When two people meet and romantic interest begins to bud, the natural instinct is to get to know one another better, right?
The irony is, this instinct is wrong.
My roommate is dating a nice gal he met on the interweb and they are enamored with each other. I gazed with a twinkle in my eye as each told me privately how great the other was, and how cool, how cute. I waited.
Now, don’t get me wrong. They are both lovely people. But I couldn’t help but wonder, how much time would it take for them to become old cynical, perpetually annoyed crones like me and my boyfriend?
I love my boyfriend dearly. But after knowing him intimately for about six years now, we are, to a large extent, on autopilot. I know how he likes his in-n-out burger (animal style, whole grilled onion) and he knows how many basketball games in a row he can watch before I yell at him. Synergy. Harmony.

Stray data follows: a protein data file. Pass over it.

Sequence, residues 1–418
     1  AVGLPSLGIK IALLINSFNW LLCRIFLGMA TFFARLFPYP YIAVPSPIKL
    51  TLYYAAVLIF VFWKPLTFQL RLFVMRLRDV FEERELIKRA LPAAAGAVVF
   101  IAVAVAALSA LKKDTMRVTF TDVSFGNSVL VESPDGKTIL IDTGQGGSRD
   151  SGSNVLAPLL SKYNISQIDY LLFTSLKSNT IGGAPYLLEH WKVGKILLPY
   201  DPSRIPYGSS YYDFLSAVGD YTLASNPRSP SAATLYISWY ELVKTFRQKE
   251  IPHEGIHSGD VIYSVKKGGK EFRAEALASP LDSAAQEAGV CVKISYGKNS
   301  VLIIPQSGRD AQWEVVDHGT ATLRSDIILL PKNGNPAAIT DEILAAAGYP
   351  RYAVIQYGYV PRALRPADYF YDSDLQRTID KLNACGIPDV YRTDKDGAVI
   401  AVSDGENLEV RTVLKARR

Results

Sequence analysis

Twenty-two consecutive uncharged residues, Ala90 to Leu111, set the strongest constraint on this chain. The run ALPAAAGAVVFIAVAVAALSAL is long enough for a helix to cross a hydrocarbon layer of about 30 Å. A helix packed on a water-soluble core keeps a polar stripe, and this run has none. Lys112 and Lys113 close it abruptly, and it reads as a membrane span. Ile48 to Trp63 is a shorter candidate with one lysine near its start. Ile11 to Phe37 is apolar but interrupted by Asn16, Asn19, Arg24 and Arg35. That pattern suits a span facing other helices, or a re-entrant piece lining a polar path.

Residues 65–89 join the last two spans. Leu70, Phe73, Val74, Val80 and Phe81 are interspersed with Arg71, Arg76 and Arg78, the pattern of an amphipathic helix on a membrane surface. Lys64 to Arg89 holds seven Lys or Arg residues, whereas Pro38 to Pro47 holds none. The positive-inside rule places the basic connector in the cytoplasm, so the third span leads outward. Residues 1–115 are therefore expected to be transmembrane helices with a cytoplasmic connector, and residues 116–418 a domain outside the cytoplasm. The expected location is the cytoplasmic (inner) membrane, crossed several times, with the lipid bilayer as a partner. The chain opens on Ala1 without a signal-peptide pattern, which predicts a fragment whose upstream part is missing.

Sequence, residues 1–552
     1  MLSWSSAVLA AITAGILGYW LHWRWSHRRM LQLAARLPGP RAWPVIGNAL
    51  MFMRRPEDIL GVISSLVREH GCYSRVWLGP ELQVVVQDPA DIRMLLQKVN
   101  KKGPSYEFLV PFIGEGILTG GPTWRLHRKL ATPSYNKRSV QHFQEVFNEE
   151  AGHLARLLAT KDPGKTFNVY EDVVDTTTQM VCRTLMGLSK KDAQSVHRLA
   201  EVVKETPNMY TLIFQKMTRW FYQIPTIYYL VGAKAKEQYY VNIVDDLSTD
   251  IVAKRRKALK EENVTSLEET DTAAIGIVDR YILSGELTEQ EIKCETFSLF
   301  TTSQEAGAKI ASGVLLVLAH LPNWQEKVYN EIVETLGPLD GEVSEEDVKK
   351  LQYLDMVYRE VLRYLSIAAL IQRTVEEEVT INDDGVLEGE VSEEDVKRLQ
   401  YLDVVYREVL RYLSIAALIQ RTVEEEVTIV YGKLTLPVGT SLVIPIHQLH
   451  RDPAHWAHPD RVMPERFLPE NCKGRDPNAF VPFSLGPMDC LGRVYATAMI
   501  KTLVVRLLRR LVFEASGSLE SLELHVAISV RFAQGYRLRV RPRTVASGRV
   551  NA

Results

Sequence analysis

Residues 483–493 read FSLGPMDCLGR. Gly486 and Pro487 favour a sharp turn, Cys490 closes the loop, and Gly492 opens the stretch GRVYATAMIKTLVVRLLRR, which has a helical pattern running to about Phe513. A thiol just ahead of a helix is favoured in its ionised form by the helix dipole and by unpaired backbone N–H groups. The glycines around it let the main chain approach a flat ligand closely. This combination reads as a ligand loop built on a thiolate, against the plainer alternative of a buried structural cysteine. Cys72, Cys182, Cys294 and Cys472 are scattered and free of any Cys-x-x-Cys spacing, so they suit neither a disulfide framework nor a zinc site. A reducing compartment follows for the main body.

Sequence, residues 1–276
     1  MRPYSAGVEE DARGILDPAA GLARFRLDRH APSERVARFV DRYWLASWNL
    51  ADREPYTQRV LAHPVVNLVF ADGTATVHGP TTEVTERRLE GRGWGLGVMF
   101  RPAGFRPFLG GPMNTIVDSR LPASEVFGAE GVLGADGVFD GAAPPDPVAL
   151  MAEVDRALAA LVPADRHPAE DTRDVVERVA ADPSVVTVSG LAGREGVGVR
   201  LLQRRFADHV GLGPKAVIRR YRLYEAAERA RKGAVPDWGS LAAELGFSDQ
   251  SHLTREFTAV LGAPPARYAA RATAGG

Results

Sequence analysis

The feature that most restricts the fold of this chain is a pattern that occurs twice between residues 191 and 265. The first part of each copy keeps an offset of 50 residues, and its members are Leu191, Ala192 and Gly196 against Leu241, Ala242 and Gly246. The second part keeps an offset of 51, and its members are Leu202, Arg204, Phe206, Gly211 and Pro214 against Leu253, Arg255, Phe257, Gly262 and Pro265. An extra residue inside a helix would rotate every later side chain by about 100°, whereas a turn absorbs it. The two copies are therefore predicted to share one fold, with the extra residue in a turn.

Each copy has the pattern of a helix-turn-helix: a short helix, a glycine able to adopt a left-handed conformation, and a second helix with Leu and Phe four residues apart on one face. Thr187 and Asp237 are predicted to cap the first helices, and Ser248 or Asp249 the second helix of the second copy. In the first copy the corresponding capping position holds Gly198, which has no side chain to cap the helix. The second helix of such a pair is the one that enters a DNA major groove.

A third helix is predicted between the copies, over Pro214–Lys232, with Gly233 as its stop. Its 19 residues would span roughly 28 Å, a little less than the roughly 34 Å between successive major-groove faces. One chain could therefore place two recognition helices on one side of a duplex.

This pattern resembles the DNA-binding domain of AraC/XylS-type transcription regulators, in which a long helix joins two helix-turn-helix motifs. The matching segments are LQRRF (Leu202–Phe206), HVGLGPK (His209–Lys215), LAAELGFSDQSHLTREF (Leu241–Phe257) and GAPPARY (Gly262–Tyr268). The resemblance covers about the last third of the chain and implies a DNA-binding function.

When two people first start dating, they don’t know the limits of the other person yet. Their patience, their annoying habits, and their breaking points, and this is what makes things exciting. Who knows how she will react when you don’t want to pay for dinner? Let’s find out!
Once these limitations become clear, the mystery is evaporates, and all we are left with is another imperfect, confused human who thought we had all the answers.
Is there a way to prolong this initial stage of euphoria and unconditional interest? It’s possible that only Madonna and those with multiple personality disorder have it all figured out: reinvention.
So when my boyfriend comes home, I’ll suggest we get haircuts and try somewhere new for dinner. That’s the best I can do.